Why the Future of Sustainable Cities Rests with China

Manish Bapna outlines the factors that put China on the frontlines of sustainable urban development.
February 16, 2012, 1pm PST | Ryan Lue
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As Bapna explains, China is no stranger to the woes that plague modern cities. Over half the country's residents are now urban dwellers, facing "poverty, over-crowding, pollution, and congestion" on a scale that dwarfs other cities around the globe. And China has achieved this status in a phenomenally short time: just forty years ago, peasant farmers accounted for a whopping eighty percent of the population.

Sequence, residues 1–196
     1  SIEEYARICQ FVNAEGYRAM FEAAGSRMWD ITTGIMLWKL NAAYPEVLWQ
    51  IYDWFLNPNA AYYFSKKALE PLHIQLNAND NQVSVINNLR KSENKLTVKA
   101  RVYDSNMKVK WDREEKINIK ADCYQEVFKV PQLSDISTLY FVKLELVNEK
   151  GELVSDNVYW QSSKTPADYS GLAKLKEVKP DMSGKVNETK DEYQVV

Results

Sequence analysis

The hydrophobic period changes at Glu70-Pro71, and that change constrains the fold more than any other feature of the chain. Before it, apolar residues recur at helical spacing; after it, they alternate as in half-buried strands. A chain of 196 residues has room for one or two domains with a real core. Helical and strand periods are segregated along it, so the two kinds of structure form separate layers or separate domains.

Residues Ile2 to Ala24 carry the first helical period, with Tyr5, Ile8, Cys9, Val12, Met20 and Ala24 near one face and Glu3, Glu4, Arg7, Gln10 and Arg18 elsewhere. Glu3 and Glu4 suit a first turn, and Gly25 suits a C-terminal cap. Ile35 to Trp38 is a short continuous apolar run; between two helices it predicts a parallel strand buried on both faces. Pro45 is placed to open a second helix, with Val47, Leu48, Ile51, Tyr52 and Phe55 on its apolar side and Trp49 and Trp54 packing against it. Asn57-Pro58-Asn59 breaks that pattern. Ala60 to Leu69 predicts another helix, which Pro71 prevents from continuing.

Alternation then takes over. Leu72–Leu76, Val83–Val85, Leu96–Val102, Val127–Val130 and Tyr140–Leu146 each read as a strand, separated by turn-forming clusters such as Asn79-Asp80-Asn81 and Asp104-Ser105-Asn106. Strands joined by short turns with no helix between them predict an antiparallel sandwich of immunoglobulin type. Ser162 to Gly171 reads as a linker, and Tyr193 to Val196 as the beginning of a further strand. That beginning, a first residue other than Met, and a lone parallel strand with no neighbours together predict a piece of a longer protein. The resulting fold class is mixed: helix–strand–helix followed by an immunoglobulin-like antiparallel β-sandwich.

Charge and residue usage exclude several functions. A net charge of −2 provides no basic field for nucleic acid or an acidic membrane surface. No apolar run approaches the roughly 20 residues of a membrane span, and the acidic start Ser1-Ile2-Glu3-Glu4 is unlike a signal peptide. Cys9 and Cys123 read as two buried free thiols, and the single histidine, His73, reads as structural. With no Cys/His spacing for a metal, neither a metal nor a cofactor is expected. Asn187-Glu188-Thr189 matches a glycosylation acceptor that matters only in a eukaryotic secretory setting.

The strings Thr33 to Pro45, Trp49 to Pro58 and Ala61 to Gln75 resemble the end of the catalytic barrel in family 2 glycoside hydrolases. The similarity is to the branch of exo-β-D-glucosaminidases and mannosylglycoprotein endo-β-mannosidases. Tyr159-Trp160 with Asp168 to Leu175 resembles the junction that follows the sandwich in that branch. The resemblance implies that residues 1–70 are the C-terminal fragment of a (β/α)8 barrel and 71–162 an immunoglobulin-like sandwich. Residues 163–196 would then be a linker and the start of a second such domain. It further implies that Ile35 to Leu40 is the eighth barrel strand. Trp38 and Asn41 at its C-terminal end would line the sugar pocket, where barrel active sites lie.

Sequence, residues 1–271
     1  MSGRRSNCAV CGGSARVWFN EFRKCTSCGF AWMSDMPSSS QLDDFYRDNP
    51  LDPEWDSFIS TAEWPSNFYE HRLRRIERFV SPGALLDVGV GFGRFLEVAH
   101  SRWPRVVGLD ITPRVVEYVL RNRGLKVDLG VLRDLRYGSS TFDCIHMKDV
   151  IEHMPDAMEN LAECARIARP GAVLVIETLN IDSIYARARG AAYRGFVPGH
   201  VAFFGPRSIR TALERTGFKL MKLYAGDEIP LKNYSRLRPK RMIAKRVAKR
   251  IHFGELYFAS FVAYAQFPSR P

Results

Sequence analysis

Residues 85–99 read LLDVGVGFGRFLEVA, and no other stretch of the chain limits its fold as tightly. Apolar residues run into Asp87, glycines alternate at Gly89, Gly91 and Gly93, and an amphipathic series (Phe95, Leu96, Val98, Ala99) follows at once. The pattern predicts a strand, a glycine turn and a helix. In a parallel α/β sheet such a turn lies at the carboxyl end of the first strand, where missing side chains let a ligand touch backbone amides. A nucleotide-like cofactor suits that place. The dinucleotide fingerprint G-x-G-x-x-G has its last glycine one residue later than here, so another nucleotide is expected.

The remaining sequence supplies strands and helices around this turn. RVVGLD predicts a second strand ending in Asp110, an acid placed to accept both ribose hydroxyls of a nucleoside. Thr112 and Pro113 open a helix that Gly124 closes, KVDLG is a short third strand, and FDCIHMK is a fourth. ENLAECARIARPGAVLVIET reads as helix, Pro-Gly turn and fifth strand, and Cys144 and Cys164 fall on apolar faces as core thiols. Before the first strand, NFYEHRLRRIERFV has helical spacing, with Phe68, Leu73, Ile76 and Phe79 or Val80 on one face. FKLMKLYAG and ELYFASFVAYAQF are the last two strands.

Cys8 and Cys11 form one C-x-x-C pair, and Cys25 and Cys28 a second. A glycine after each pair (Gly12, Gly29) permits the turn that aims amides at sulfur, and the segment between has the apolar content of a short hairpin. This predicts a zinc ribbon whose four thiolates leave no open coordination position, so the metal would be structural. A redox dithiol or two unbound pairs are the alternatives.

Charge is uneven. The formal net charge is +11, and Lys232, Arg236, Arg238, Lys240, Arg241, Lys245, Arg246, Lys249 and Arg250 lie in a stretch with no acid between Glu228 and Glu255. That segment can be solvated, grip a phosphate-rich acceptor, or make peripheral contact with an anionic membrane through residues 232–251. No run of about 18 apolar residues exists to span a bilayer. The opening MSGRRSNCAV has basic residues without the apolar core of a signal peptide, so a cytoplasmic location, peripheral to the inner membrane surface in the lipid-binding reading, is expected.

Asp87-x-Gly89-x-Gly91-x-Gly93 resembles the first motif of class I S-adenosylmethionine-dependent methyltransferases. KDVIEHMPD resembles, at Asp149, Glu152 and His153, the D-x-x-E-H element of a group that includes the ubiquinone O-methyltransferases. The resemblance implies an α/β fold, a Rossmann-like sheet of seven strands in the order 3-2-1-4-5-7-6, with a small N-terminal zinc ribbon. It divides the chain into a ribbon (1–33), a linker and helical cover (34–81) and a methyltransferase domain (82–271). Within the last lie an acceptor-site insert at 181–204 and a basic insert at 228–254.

But China's massive and growing urban population presents a unique opportunity – while most urban growth in the Western world will take place in existing cities (at least for the immediate future), developers in China must build new cities from the ground up just to keep up with demand. It's estimated that by 2030, China will boast 221 cities with over 1 million residents. By comparison, Europe has only 35 such cities today. Thus, "While the idea of smart cities is not new, creating sustainable cities for the booming global population requires scaling up on a whole new level. And there is no better place to start than in China."

The government of China has not failed to recognize this opportunity, and has incorporated several environmental goals for its 12th Five-Year Plan. To accomplish those goals, it will work with the World Resources Institute to develop policies and projects for energy efficiency, sustainable transportation, and clean water.

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Published on Wednesday, February 15, 2012 in Forbes
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